The CAN USB dongle is a small USB device that allows us to communicate over the CAN bus from our dev computers. It supports the SLCAN protocol, which allows it to be interfaced as a UNIX socket via SocketCAN (on Linux / Mac OS X).

The CAN USB dongle can also power the CAN bus, which is useful when debugging single boards outside our robots.


CAN USB Dongle
The CAN USB dongle with micro USB wired (left).


  • CAN interface to communicate with nodes on the CAN bus, with 2 Molex picoblade connectors for daisy chain wiring.
  • Dedicated MCU to translate CAN to SLCAN (Serial-Line CAN) over the USB interface.
  • Power regulator to power a few boards over the CAN bus, useful for debugging single boards outside our robots. Activated by pressing the button for more than 1 second
  • UART interface that adds FTDI-like functionality to the dongle.
  • micro-USB interface used for interfacing the computer, but also used for DFU flashing, activated by pressing the button while wiring the dongle over USB.


The board is made up of a small double-sided PCB with 2 copper layers. Schematics and layout are made with KiCad and available on Github. It is powered by a STM32F3 controller, and has a few LEDs indicating status and if the bus is powered by the dongle.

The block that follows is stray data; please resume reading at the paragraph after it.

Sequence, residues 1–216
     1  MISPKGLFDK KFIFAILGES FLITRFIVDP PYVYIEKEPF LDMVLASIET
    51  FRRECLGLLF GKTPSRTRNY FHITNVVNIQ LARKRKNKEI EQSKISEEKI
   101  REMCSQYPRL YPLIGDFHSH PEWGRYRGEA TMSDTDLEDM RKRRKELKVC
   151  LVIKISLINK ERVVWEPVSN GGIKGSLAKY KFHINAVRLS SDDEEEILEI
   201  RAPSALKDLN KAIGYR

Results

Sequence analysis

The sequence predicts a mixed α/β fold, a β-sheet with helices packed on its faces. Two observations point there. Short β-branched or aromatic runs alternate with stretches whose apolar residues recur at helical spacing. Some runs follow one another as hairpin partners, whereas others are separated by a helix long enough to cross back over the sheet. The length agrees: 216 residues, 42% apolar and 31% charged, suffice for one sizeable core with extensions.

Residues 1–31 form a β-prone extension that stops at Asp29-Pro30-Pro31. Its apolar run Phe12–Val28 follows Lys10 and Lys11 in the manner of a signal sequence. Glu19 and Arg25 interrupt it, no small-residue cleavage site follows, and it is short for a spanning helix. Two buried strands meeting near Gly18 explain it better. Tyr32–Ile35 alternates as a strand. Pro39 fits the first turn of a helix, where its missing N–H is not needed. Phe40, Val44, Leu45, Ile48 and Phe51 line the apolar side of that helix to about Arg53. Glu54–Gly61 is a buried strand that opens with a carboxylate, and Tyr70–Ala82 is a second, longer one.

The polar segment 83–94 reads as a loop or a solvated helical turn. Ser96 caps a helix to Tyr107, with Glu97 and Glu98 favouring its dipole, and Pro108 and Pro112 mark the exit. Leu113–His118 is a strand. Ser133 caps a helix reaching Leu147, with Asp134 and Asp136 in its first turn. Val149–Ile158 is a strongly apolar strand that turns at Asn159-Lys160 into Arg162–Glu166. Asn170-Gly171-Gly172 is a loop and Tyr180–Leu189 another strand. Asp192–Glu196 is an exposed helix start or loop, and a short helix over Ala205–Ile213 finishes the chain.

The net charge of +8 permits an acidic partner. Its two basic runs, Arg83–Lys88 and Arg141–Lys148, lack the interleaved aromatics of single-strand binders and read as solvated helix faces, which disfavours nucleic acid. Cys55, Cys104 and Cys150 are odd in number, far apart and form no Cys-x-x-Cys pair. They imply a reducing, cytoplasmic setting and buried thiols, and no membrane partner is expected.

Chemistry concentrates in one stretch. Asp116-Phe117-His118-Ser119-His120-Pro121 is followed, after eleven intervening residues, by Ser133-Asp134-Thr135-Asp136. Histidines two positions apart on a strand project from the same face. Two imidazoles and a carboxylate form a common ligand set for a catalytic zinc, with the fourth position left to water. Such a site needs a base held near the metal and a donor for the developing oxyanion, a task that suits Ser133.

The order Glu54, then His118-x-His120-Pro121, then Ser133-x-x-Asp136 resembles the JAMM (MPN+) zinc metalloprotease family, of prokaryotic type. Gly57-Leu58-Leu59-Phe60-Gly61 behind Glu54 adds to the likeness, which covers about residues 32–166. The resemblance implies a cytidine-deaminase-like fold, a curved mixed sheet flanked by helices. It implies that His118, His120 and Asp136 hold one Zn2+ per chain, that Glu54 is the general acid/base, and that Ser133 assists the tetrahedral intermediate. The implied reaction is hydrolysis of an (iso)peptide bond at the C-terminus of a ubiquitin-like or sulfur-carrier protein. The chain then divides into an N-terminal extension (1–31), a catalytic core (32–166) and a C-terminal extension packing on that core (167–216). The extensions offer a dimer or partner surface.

The firmware of the CAN USB dongle is written using ChibiOS RTOS and HAL and is available on Github. It implements CAN to USB translation using the Serial-Line CAN protocol (SLCAN). This allows us to expose the CAN interface as a UNIX socket (with SocketCAN), and the standard candump / cansend can be used.

One major use case of the CAN USB dongle, is flashing our boards over CAN, leveraging the CAN bootloader.

Using the SocketCAN interface, we can also monitor our boards during application execution using UAVCAN tools such as the UAVCAN node monitor or the GUI tool.